After a week of being at home, awaiting the news from Eli’s doctors on when when he might be released from the hospital, we decided to just head down to Louisiana. Both Angie and I were very excited to meet our son, and were indecisive on when to leave, to be with him. A great resource to us has been another adoptive mother, named Jamie, who also is a NICU nurse in Baton Rouge. She instructed us to come down and begin the bonding process as quickly as possible. So we left on Monday morning and the trip went very smoothly.
Another reason Jamie thought it would be best to come down was that Eli’s doctors have been delaying his release from the NICU. The reason for this was due to some regression in Eli’s eating habits and ability to self-sooth. After his birth, Eli showed great signs of preemie progression, and little sign of withdrawal. Over the last week, however, he become fussy at feeding times, and is not eating at a pace they nurses are hoping they would.
Basically, we need to take 50 cc’s of formula within a half hour. What Eli has been doing is instead of taking quality sucks off the bottle, he is sometimes gumming the bottle instead. The nurses have expressed that he is wound up and frustrated a bit, which has lead to his fussiness and also a lack of attention to sucking the bottle consistently.
When Eli does not eat the full amount within the time frame allowed, nurses in the NICU have to take note of this and score him. The scoring system is essential to the NICU’s decision to release Eli and our eventual trip back to Granger. With that in mind, here comes so positive news …
Eli was receiving some high scores before we got here, so his release was delayed, and his medical treatment was increase. The meds they NICU has him on is being administered to combat the drugs his birthmother used during he relapse. The Meconium test we were waiting for came back incomplete, due to a lack of quality test material. This is not as important as his current treatment going on now. His meds need to be reduced / weened, however, before we can expect a final release. To get the weening process started, Eli’s eating and fussiness has to improve.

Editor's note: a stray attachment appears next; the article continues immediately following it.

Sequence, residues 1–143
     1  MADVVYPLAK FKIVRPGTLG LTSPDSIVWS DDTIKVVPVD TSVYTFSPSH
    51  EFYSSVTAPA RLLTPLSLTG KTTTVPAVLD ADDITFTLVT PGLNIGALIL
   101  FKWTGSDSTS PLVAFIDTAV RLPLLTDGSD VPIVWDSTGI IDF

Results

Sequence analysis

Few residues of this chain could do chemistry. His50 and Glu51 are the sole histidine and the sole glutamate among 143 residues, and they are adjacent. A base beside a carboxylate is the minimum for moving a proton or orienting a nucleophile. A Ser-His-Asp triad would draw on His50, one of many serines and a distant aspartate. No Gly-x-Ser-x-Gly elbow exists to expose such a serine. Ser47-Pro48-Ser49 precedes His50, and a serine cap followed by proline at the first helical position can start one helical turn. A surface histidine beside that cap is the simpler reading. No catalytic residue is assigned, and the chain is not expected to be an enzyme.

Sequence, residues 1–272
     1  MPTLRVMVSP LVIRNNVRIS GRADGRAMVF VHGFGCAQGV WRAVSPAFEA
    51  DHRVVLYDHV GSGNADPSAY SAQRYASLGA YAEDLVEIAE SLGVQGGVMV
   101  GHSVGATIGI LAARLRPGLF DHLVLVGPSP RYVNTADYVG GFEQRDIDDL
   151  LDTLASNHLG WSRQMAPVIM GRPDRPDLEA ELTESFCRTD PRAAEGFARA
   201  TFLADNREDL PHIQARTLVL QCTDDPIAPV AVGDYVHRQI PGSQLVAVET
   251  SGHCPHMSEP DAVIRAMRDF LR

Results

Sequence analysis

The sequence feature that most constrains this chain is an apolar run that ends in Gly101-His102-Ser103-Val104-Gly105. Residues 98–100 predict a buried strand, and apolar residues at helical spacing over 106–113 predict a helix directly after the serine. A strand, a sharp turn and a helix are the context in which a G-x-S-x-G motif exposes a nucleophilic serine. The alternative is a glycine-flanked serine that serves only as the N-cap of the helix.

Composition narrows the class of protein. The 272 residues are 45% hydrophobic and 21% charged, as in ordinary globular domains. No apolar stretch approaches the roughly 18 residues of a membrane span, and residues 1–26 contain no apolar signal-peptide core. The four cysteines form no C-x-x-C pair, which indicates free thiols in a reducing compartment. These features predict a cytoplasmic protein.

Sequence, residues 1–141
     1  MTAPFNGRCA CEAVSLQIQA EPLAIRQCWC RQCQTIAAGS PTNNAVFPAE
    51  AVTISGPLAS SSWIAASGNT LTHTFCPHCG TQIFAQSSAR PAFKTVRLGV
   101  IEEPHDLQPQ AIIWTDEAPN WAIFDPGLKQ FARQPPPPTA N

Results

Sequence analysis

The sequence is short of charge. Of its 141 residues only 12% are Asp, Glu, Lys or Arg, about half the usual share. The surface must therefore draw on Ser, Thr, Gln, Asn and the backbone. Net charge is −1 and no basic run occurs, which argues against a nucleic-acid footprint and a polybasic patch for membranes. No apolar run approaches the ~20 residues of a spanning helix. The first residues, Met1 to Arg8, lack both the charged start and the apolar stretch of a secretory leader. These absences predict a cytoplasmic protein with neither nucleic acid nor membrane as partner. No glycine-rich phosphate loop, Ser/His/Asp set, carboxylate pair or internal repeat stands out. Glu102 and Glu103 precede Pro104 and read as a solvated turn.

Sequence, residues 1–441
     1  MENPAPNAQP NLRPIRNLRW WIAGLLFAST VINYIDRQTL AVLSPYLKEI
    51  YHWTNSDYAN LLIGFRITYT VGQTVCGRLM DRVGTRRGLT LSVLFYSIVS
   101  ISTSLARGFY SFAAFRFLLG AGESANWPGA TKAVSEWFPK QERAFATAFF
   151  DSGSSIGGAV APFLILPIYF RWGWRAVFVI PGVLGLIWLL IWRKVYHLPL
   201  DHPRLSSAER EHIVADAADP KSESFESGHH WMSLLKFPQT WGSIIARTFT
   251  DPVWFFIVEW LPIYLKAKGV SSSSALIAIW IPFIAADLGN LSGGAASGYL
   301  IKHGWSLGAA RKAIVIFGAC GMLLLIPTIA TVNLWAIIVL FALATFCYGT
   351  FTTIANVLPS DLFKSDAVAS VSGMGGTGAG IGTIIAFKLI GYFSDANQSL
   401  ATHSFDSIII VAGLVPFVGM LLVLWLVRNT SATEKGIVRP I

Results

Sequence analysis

The good news is that ever since we have been down here, and have had one on one contact with Eli, his demeanor has shown improvement. He not completely fuss-free, but we can tell that he is much happier when he is being loved on, rather than just fed, bumped and then put back to bed. By no means do we believe the nurses are not loving on our boy. We know for a fact that all of the nurses love Eli, and that have been doing all that they can to help correct his unfortunate regression. You should see these people work!
I’m now gonna quickly brag about my wife. She’s a natural! As soon as we enteredthe NICU, and became a mom right in front of my eyes. They let Angie feed Eli on our second visit yesterday, during lunchtime. She bumped him, rocked him and chatted with him for easily thirty minutes. Wile Eli did not eat as well as we wanted, and a nurse had to finish his feeding, Angie did sooth him to sleep after his feeding. It was amazing how well he responded to our first constant with him. Seeing her with Eli made me fall even more in love with her! It changed me, and our relationship, for sure.
Eli did have issues sleeping later that afternoon, and was pretty tuckered out when we visited him later that afternoon. I got to hold him a bit, but did not feed him during that visit. Both the nurses and I thought it would be best to get his feeding issues moving in the right direction before we try feeing him again. There may be some cramping going on for Eli, so if you feel led, please consider praying about this and his improvement. Other than that though, Eli’s very healthy and gaining weight. Once the regression turn to a progression again, weening him off his meds can happen, and eventually we can head back.
Thanks for coming along with us on this journey. Your prayers are appreciated and are evident in our lives. There will be more to come … I promise.